Apparel Vendor Ethics Eyed
February 4, 2012 Journal North
By Kiera Hay
The city of Santa Fe is taking steps to ensure its garment vendors are adhering to the highest ethical standards.
A resolution pending at City Hall would amend Santa Fe’s procurement code to require all companies that sell uniforms to the city “to abide by a code of conduct that declares manufacturing locations to be sweat-free and slave-free.”
Sweat-free is defined as protections against slavery, forced overtime, child labor, excessive hours, below-subsistence wages, discriminations, abuse, harassment and similar violations, plus protections for freedom of association, health and safety.
City Councilor Ron Trujillo and city procurement staff agreed to propose the resolution after being approached by sweat-free advocates.
Trujillo said he doesn’t believe municipal government currently works with uniform suppliers that get their goods from unethical sources. But he said the resolution will put parameters in place to guarantee that’s the case.
“I don’t think we are (using unethical vendors) but I don’t know that. I don’t suspect that we are, but I think by adding this resolution and abiding by it will send a message that the city is going to do business with people that are ethical,” Trujillo said.
Under the resolution, bidders must agree to a set of sweat-free requirements, such as signing a code of conduct, providing a list of all manufacturing locations and cooperating with possible monitoring by the city – possibly in the form of an audit. If a vendor gets its clothes from an outside supplier, the supplier will have to sign documents stating it isn’t in violation of the policy.The rules will apply whether the city is purchasing $500 worth of T-shirts for a fundraiser or buying uniforms for the entire Water Division, Santa Fe purchasing officer Robert Rodarte said.
“The city believes in this type of movement, and we have our ethical responsibility here to make sure we do our share at our end to abide by a nice code of conduct, so to speak. We’re just trying to be socially responsible here,” Rodarte said.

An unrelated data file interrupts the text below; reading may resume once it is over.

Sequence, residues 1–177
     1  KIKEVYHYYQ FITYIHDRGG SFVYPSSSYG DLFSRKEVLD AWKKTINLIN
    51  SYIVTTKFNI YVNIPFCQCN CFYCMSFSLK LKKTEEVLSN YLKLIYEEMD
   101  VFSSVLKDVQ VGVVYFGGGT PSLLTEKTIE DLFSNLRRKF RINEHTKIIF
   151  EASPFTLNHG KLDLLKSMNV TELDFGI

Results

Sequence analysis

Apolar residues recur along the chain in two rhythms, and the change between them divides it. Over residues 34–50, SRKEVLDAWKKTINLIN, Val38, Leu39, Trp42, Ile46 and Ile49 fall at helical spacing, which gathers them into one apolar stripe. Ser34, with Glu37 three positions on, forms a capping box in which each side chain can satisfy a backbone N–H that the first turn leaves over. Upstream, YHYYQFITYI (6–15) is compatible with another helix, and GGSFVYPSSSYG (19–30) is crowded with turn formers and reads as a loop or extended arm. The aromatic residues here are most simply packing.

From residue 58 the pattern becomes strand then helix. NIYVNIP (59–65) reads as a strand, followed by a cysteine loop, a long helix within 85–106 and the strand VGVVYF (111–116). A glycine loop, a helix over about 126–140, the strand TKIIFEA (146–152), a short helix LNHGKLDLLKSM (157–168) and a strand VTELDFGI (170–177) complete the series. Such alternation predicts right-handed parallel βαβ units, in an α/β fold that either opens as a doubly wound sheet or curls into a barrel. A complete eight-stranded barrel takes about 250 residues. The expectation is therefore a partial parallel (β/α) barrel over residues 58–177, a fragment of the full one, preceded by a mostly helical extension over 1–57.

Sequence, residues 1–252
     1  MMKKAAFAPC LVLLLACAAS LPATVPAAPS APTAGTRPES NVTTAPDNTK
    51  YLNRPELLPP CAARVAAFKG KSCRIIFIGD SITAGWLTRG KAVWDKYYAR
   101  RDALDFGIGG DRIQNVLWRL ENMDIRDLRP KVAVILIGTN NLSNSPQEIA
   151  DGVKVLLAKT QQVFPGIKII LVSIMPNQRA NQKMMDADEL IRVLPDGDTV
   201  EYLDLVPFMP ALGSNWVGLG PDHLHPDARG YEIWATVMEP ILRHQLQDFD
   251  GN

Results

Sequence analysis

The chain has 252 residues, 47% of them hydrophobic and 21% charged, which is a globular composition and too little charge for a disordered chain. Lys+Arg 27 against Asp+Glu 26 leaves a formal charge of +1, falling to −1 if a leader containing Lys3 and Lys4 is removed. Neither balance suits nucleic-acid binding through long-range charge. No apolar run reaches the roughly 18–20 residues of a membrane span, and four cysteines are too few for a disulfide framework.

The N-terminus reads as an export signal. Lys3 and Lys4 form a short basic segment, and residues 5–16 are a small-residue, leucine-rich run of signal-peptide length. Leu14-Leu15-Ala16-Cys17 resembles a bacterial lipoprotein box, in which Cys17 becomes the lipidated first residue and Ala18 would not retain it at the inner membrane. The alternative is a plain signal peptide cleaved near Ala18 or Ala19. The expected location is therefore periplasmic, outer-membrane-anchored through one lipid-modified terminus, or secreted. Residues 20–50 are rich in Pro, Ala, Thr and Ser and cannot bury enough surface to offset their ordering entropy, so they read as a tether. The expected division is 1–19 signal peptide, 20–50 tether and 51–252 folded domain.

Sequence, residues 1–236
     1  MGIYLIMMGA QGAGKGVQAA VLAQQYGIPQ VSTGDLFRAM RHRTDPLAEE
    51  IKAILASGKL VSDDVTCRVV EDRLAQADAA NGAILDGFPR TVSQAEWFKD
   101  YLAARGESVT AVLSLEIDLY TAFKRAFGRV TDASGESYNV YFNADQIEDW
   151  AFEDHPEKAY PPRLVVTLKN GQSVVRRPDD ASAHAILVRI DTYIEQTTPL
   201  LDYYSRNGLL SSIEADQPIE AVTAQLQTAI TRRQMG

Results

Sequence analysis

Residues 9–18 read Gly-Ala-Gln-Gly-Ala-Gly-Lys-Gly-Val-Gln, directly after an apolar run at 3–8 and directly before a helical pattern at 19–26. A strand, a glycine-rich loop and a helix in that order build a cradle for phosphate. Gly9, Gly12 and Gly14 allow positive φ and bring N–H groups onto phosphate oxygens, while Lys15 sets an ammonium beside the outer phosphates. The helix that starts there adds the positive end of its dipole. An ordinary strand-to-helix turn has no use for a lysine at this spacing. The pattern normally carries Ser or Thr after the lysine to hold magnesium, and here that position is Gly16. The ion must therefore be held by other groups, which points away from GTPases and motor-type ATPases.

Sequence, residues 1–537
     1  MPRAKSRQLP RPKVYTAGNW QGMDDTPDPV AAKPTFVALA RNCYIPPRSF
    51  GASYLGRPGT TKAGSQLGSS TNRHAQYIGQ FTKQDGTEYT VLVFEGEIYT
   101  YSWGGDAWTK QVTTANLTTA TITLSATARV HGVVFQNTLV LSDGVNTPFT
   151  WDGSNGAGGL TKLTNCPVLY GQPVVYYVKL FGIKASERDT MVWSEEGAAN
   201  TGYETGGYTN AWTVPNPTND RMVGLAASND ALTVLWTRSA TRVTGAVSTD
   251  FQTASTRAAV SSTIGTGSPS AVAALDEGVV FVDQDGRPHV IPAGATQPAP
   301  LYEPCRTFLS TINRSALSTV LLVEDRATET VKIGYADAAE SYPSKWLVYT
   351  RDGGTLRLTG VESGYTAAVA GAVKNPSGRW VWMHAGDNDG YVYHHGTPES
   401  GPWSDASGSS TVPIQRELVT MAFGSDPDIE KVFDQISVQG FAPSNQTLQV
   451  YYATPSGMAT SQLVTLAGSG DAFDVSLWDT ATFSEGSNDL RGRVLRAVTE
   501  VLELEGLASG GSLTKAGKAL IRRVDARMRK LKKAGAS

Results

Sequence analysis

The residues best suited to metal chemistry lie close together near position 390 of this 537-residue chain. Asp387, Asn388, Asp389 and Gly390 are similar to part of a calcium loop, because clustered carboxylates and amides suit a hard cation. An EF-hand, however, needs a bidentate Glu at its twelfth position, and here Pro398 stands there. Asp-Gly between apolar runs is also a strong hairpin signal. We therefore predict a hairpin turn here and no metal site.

Other cities have adopted similar policies, notably Seattle, Rodarte said.
The resolution also opens up the possibility of expanding the city’s ethical commitment when it comes to other goods such as safety gear, uniform accessories and rental products.
There are a few caveats. According to the resolution, the policy wouldn’t affect emergency purchases. And it wouldn’t apply if no sweat-free bidders are available and the purchase is considered essential. The policy also wouldn’t apply if the purchase is made through another public entity or by a cooperative purchasing agreement or in cases where funding requirements prohibit ethical standards.
“The end-goal of a sweat-free procurement policy is to make an aspirational statement that encourages the marketplace to move toward sweat-free production facilities, and to provide a pragmatic and practical approach that can be implemented with likely compliance,” the resolution said.
The city is planning to solicit bids for uniforms this spring. Overall, Santa Fe spends about $350,000 annually on uniforms, generally buying them from several companies, Rodarte said.
Rodarte said he doesn’t expect the new policy would increase the price the city pays for its garments. The resolution will be reviewed by the City Council in late February.
City Councilor Miguel Chavez has introduced a separate resolution to amend the city’s procurement code to encourage the city to purchase goods and services provided by American companies.